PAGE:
Weekly Reflection

“Do not be anxious about anything, but in every situation, by prayer and petition, with thanksgiving, present your requests to God” (Philippians 4: 6).

Prayer could be a very interesting encounter. It can sometimes be very difficult, dry and uninteresting. It is made worse when what we have been praying for does not seem to come through. Prayer is a journey. It needs perseverance and faithfulness. Many saints, monks and hermits would share the same experiences about prayers. With the hope that this helps us, I like to share with you what I call the 4 Ps of prayer:

“All of them were filled with the Holy Spirit and began to speak in other tongues as the Spirit enabled them … Then how come each of us hears them in his own native tongue … we hear them declaring the wonders of God in our own tongues” (Acts of the Apostl

The inexplicable outpouring of the Holy Spirit upon the Apostles on the day of (First) Pentecost made manifest in the gift of tongues is an event with deep sublime meanings. The wonderful expression of witnessing and testimony in different tongues points to our diversity and differences; the understanding by all in various languages and the common message that was heard demonstrates our unity in diversity. We may be different but the message of the Gospel is one. We share one faith, one baptism, one bread and one cup.

“When we walk without the cross, when we build without the cross and when we proclaim Christ without the cross, we are not disciples of the Lord. We are worldly.” (Pope Francis)

The Christian life is a journey with the cross, of the cross and in the cross of Christ. We have to embrace it freely with love as part of our identity. We identify with the cross through self-abnegation, suffering, illness and sickness, setbacks and challenges, obstacles and failures. Life without the cross is life without Christ. Jesus says: “If anyone is willing to come after Me: let him deny himself and take up his cross every day, and follow me” (Luke 9: 23).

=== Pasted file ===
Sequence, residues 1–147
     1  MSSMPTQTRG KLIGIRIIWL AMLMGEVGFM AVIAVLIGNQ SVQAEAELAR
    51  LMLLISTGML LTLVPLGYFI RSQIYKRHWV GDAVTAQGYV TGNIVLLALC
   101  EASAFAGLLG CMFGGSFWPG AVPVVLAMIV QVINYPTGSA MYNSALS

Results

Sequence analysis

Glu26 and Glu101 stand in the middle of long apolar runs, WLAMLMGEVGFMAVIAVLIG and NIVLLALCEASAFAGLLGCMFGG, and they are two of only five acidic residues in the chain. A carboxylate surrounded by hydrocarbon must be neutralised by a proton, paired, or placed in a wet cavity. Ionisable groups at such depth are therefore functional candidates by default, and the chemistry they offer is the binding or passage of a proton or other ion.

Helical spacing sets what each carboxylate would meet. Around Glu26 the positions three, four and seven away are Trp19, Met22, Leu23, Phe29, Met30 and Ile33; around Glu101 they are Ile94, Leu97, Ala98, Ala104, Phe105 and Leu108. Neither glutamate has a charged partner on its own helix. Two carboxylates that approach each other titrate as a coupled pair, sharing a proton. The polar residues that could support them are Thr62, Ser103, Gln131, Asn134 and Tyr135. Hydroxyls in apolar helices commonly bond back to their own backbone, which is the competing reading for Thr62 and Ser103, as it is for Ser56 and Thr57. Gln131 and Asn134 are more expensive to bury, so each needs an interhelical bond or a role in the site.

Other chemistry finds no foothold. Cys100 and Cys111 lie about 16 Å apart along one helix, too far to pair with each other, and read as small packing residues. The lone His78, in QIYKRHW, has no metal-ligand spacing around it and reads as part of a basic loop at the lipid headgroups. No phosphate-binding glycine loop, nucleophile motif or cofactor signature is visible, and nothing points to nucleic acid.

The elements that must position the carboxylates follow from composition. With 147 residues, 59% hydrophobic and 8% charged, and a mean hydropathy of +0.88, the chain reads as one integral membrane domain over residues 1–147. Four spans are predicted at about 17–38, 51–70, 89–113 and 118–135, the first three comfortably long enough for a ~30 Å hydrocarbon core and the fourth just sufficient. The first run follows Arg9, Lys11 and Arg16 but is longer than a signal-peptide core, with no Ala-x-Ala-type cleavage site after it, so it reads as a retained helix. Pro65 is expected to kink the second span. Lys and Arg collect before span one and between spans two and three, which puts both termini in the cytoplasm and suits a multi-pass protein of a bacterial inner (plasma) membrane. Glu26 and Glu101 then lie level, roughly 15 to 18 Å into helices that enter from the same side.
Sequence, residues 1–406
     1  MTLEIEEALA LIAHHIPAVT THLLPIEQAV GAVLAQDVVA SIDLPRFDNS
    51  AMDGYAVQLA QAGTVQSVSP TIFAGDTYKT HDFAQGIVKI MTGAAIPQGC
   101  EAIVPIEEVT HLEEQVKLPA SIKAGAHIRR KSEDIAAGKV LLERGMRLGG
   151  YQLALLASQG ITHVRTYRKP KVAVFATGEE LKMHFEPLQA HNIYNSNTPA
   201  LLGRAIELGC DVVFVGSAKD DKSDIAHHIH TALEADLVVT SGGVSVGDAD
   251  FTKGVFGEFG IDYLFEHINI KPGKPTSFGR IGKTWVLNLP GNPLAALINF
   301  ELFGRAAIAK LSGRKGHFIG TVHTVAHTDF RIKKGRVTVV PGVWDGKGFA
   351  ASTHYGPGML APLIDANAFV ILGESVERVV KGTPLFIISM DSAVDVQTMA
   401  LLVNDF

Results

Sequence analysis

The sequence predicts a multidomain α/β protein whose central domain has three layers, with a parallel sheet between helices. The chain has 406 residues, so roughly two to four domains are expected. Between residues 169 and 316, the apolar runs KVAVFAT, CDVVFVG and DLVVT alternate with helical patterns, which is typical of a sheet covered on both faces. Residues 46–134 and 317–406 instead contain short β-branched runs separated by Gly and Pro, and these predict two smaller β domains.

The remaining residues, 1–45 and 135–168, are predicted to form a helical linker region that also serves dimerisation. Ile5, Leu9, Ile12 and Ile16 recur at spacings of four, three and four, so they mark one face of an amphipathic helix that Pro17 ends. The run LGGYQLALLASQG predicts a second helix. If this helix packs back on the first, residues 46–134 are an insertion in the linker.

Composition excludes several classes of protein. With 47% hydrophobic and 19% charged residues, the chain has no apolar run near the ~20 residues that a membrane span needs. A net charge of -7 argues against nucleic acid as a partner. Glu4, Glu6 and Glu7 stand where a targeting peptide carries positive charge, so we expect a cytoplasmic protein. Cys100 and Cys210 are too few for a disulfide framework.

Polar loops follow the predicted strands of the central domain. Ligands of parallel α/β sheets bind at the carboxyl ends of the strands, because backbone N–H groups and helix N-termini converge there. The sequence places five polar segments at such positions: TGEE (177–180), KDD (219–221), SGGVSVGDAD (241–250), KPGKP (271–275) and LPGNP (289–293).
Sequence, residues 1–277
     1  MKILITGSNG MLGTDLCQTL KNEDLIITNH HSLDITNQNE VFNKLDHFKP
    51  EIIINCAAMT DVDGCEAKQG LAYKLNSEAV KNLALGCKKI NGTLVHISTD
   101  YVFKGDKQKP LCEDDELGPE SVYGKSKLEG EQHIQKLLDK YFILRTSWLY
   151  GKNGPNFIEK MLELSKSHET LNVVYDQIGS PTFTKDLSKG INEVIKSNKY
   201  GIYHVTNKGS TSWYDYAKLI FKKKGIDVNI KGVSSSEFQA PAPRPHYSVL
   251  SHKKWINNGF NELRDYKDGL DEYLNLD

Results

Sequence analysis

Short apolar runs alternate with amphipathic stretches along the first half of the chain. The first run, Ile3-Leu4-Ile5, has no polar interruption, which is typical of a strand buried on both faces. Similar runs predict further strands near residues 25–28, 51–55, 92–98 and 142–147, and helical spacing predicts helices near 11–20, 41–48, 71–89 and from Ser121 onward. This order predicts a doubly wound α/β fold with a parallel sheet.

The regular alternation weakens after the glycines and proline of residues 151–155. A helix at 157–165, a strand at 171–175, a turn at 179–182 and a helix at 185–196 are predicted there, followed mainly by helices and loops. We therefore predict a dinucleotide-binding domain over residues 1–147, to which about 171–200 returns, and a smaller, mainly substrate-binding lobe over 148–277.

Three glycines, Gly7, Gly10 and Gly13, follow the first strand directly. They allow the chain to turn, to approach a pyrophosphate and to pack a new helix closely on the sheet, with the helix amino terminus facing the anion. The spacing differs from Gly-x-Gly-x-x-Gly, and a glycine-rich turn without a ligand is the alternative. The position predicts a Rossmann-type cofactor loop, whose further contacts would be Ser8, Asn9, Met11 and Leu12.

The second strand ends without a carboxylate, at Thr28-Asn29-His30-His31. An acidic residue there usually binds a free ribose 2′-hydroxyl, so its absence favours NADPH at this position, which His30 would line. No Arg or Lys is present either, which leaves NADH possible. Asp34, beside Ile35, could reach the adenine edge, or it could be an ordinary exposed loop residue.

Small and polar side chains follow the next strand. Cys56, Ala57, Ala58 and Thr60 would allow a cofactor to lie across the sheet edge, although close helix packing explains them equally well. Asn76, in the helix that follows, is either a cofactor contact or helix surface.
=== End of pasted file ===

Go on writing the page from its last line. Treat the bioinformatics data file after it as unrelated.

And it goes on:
“Each of us has a vision of good and of evil. We have to encourage people to move towards what they think is good... Everyone has his own idea of good and evil and must choose to follow the good and fight evil as he conceives them. That would be enough t

When we allow our sense of “Good” to be guided by the principles of the Gospel of Christ and the right sense of justice and we allow these to direct the course of our thoughts and actions towards all then certainly the world is set on the journey towards the much needed peace. But when it is otherwise, we may be heading towards relativism and absolute chaos. As Christians, we need to be guided by what Christ teaches at all times: “Love your neighbour as yourself.”

“When we walk without the cross, when we build without the cross and when we proclaim Christ without the cross, we are not disciples of the Lord. We are worldly.” (Pope Francis)

The Christian life is a journey with the cross, of the cross and in the cross of Christ. We have to embrace it freely with love as part of our identity. We identify with the cross through self-abnegation, suffering, illness and sickness, setbacks and challenges, obstacles and failures. Life without the cross is life without Christ. Jesus says: “If anyone is willing to come after Me: let him deny himself and take up his cross every day, and follow me” (Luke 9: 23).

"It is an injustice and at the same time a grave evil and a disturbance of right order to assign to a greater and a higher association what lesser and subordinate organisations can do." ... Pope Pius XI

The Principle of Subsidiary as expressed by the Holy Father in 1931 is still the missing ingredient in our modern day organisations, corporate bodies, politics and even in the Church. When power is concentrated at the centre, when the boss thinks he is the only one with the right thinking brains, when the executive arm prefers commands and orders to dialogue, when the Church leaders believe that Church mistake privilege for a right; they all fail to recognise the gifts of others and worse more they devalue and render redundant those innate abilities that the others possess.

"When you judge someone you have no time to love him"... St. Mother Theresa of Calcutta

Our responses to others are largely determined by how we feel about them; what we think about them and what we claim to know about them. Sometimes too we relate with others based on what we have heard about them from others. If we rely on these to form our parameters of relationship, we may end up living on prejudices and stereotypes of others. These shot the doors of our heart from getting to know the real person. They blind us from realising the positives in the other; they prevent us from unveiling the values in them.